The re-introduction of endangered species is one aspect of the ecotourism that is probably best appreciated by safari-goers. When those animals are mega herbivores it is also good for the long-term survival of the natural habitat. The Wilderness Safaris’ programme in Botswana to re-introduce both black and white rhinos to an area where they had become locally extinct is a noteworthy example.
One of the easiest and most commendable community programmes a safari lodge can implement, is to build and support a local school or health clinic that previously would have been held under a shade tree, or not at all. This clinic close to Tafika Camp in Zambia’s Luangwa Valley is funded by them.
Elephants are big in every way you think about them, especially when you have to track, monitor, treat or move one. Involving young people from the local community in the research and the on-the-ground conservation work is an important investment in the future. This big elephant bull at Vumbura in Botswana is being fitted with a radio collar to track its movements by satellite so that the scientists from “Elephants without Borders” can monitor its seasonal migrations.
One dedicated and motivated person can make a huge difference in their own back yard. One case is Richard Bonham with his community outreach program and anti-poaching unit in and around the 150,000 hectare Mbirikani Group Ranch in the Amboseli region of southern Kenya. Richard and his family live on the community ranch and run the conservation trust for the reserve which he helped establish with the local Maasai landowners.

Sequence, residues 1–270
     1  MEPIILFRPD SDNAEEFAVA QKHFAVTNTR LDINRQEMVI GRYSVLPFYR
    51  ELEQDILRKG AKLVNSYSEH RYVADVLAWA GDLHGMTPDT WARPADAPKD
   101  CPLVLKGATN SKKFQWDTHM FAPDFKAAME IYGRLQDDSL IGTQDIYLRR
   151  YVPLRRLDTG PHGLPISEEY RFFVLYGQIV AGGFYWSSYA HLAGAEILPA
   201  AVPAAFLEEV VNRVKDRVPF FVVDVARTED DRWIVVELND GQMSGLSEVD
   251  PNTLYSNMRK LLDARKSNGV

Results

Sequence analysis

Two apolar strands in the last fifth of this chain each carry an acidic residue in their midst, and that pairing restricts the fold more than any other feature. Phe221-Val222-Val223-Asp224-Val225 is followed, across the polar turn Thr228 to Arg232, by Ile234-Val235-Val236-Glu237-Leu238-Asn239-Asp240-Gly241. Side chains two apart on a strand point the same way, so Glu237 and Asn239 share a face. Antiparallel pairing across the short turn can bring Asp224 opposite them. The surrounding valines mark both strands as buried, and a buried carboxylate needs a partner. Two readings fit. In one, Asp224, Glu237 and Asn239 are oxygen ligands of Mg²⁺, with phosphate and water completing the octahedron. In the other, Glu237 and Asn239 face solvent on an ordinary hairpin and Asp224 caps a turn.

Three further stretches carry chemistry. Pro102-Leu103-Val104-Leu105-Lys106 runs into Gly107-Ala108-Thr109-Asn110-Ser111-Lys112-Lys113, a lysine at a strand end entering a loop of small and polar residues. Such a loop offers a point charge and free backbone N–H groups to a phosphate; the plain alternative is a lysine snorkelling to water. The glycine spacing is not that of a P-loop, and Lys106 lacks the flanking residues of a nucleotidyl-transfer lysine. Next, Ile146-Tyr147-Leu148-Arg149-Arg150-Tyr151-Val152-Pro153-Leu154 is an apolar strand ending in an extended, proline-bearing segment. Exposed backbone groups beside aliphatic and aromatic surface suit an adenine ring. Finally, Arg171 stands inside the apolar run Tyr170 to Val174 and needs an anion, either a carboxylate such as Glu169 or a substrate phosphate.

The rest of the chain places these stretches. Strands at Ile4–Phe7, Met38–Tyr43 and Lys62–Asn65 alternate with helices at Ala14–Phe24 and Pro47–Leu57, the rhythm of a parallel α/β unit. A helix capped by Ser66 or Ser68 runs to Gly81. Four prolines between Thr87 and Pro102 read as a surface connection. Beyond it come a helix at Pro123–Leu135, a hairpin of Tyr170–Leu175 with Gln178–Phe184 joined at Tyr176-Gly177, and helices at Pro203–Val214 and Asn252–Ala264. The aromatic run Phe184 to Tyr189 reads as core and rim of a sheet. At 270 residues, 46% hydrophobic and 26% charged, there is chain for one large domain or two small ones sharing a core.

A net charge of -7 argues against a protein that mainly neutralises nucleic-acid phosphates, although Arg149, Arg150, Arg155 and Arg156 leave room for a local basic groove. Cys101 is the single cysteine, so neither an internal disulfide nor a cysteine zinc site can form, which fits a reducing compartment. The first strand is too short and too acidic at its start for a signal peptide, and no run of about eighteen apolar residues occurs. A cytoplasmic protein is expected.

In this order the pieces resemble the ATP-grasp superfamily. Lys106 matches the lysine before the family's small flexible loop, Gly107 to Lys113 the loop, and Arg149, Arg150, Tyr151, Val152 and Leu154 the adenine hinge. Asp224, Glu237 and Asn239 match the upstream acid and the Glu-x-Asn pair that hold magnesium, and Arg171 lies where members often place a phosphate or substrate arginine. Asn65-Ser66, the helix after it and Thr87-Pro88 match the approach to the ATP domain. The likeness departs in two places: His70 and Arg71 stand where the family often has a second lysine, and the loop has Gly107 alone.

Safari lodges should, wherever possible, work with and support quality, academcically grounded research projects and NGOs that are doing important and meaningful monitoring and conservation work. But beware the bogus researchers and film makers who use the cover of “research” as a convenient means to gain privileged access to wildlife areas.
An elephant does a site inspection to check the solar water heating system. It’s surprising how many lodges still run power hungry electrical geysers when the latest and relatively inexpensive solar hot water geysers are now highly efficient and cost effective. Some solar geysers even work in the shade and come in various capacities and prices to suit just about every need. Apparently Zarafa Camp in northeastern Botswana passes this elephant’s muster.
Walking the line like a posse of energy police, a pride of lions at Mombo Camp in the Okavango Delta. Quite distinct from water heating is the issue of power generation. The greenest lodges started experimenting with solar power years ago. Today’s technology, efficiencies and costs make solar energy the obvious choice – everywhere. Just 6 hours of sunlight can provide 24 hours of 200v electricity day and night for a well engineered camp or lodge.
Even cooking can be done with eternally renewable solar energy. Simple solar cookers can keep a kettle boiling all day with not one twig needed for burning. Solar ovens can also be used for baking, slow-cooking and even frying.